Ballistic turbans WTF!!

#1
PC madness outragebus

apologies if elsewhere...

please c'mon this is daft, next they'll (i'm not trying to be xenophobic or racist) be asking for dispensation for riding motorbikes... no hold on balistic turbans for the military - probably beat the MK6a :)

edit for mong spelling
 

Biped

LE
Book Reviewer
#3
Preparing for incoming . . .

Actually, I don't see a particular problem with their ask. The Sikhs are a 'warrior' caste, and thus, they like to get in amongst it. They have a good and honourable tradition of smashing in faces and slotting people on our behalf, and they are a nice bunch of bods too, so let's help them out with some headgear that allows them to bash skulls and shoot people.
 
#4
don't you have to get to the point where you just say, no that's not uniform and 'elf and safety say no too? so what happens with Sikhs in our army, i take it none of them are on the frontline then - i say there must be sikhs considering the amount of f;;;ing rat packs we take with us on ops!
 

seaweed

LE
Book Reviewer
#6
Some vague memory that I have seen old photos of Sikh regts in Burma in tin hats.

There was a Sikh in training with me at Dartmouth who took his turban off to play sports (at which he was rather good). He had his hair tied in a topknot with a twist of white cotton and that was apparently sufficient.

The motor bike thing was lunacy at the time and I knew we'd all live to regret it. I've NEVER seen anyone on a motor bike in a turban in all those years.
 
#8
My first reaction was "bwahahaha"
On second thoughts though, it doesn't seem that strange.
Still though, "ballistic turban", sounds like a record label or something.
 

seaweed

LE
Book Reviewer
#9
Shahbash, bradstyley.
 

Biped

LE
Book Reviewer
#10
Of course, it's not strictly speaking true that all Sikha have to have a turban. The less strict sikhs just wear their Patka, as do children and yoofs.



If this becomes an allowable norm amongst the Sikh police officers, then there's not drama in terms of fitting a ballistic lid over the top.

The item that the Indian Army allows their guys to wear is actually called a Pakta Helmet, and it's the same one in the piccy from the post by Bradstylee



The contractor that makes them is called 'Star Wire'

Of course, if push comes to shove, there's always this:

 
#11
Now obviously, in this modern age of balistics, a Sikh turban cannot be worn in combat. So an ingenious solution was developed; a headgear made of a ballistic strip manufactured from a high-density, die-pressed phantom steel and kevlar was made for Sikh soldiers that would go around the pagadi, as is shown in the following photos also of Punjab Regiment:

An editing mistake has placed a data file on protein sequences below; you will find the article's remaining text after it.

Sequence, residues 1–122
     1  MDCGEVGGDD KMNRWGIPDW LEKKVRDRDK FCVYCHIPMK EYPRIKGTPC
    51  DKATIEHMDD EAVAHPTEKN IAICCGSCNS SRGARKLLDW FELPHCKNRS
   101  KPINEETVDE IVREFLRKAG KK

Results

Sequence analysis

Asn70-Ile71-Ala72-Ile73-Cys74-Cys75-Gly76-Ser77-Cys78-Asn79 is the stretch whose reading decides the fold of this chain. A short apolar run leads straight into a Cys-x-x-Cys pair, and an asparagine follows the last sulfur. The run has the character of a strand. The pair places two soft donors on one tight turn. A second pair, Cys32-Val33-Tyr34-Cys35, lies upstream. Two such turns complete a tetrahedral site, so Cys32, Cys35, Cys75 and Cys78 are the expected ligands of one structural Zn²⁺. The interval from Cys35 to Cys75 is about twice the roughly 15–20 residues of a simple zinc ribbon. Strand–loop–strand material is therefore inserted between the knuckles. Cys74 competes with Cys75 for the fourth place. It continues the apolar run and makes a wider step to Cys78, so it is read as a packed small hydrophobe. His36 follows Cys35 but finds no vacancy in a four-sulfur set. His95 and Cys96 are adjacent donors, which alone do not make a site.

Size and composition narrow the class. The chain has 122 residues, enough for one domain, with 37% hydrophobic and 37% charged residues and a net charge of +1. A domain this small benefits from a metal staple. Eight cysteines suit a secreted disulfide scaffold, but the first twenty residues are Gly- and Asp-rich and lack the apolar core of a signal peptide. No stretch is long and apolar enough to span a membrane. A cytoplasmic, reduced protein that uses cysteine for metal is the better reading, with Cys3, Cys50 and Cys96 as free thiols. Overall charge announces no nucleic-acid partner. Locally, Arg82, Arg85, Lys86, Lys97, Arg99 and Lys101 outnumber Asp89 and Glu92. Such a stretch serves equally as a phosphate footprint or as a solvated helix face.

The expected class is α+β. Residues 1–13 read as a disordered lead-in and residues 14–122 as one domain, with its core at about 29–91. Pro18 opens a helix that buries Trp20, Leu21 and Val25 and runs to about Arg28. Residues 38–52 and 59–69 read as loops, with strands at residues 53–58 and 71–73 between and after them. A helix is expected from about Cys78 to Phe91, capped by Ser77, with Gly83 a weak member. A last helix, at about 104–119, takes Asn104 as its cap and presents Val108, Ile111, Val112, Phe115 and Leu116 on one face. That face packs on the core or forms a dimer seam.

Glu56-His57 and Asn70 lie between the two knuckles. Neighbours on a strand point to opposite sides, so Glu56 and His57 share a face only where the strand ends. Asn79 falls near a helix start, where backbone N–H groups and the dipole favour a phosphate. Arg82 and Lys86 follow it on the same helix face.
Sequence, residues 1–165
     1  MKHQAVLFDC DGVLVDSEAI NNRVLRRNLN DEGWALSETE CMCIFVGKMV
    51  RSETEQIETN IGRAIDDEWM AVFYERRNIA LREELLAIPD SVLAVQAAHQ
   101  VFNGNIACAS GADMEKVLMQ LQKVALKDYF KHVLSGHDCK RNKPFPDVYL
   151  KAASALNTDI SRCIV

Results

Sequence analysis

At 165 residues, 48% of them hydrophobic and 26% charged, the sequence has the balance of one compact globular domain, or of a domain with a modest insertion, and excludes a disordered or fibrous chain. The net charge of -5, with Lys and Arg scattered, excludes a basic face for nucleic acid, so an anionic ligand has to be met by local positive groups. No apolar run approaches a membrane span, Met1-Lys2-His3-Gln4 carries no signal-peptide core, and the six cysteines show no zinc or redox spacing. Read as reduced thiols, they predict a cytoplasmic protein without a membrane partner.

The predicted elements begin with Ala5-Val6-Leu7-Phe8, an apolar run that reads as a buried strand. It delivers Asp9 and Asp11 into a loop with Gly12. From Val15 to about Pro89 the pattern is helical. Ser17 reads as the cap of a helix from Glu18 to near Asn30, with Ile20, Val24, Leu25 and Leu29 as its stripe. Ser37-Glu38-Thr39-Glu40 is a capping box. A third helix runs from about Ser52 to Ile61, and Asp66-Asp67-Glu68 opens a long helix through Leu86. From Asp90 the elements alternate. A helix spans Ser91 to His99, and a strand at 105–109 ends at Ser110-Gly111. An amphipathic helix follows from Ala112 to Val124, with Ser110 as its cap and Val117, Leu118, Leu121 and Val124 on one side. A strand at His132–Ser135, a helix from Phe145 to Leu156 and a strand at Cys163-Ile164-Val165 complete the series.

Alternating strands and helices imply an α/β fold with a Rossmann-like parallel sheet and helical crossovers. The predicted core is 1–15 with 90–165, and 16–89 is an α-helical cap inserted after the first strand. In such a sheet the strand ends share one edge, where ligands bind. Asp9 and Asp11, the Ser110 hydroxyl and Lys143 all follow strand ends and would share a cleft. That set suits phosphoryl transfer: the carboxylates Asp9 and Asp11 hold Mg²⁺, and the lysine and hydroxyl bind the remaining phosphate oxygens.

The point is they WANT to fight! So give it to them but please, off the shelve and not some expensive "newly developed by civil servants" turban.
 
#12
 
#14
seaweed said:
Some vague memory that I have seen old photos of Sikh regts in Burma in tin hats.

There was a Sikh in training with me at Dartmouth who took his turban off to play sports (at which he was rather good). He had his hair tied in a topknot with a twist of white cotton and that was apparently sufficient.

The motor bike thing was lunacy at the time and I knew we'd all live to regret it. I've NEVER seen anyone on a motor bike in a turban in all those years.
A good number of years ago there was a world-class tennis player who was Sikh. I recall him playing at the US National Doubles (Grass, at Longwood CC) with his hair pulled into a topknot sort of thing covered with a white cloth like a handkerchief and tied. I recall it distinctly as it was the size and shape of a tennis ball in the days when tennis ball were all white so it looked a bit like a tennis ball on his head. If the principal is to cover the hair a cloth and helmet combination should work.

Maybe the Sikh police could consult a priest/minister of their faith about the details of their hair covering. Many places make some allowance for religous practices. I have run into a US chaplain with a cammy yarmulka (sp?).
 
#16
" the Patka helmet offered superior protection around the forehead and sides of the head from shrapnel and debris from IEDs and mines compared to the helmet. The standard bullet-proof helmets only provided protection against 9mm weapons, whereas patka helmets gave superior protection against AK-47 to the forehead and rest of the head area. It is also remarkably light and easy to customize that allowed for a lot of the customization of kit that can be seen in deployed units.

As such, the Patka helmet has been unofficially adopted as the headgear of choice for all troops on COIN and anti-terror missions, across all regiments and police units. "



http://www.militaryphotos.net/forums/showthread.php?t=139678&page=2

Job done
 
#18
This problem really seems to be stuck "inside the box".

I'll be first to admit that I don't know a whole bunch about the sikh religion however some things just seem like common sense.

Why would you ask for things to be developed without looking at a common sense approach to it?

First, what qualifies as a "turban"? I would think an ultra thin turban made of nylon or some other material that could easily fit under a helmet is probably the most obvious answer.

If that doesn't qualify as one, not sure how a helmet would.

If it's to be worn on the outside, why not simply a turban like helmet cover?

Second, if the turban is not allowed to come off, then how are other policies being met? ie: Personal hygiene, critter checks, etc?

Is a "turban helmet" really the best answer?
 
#19

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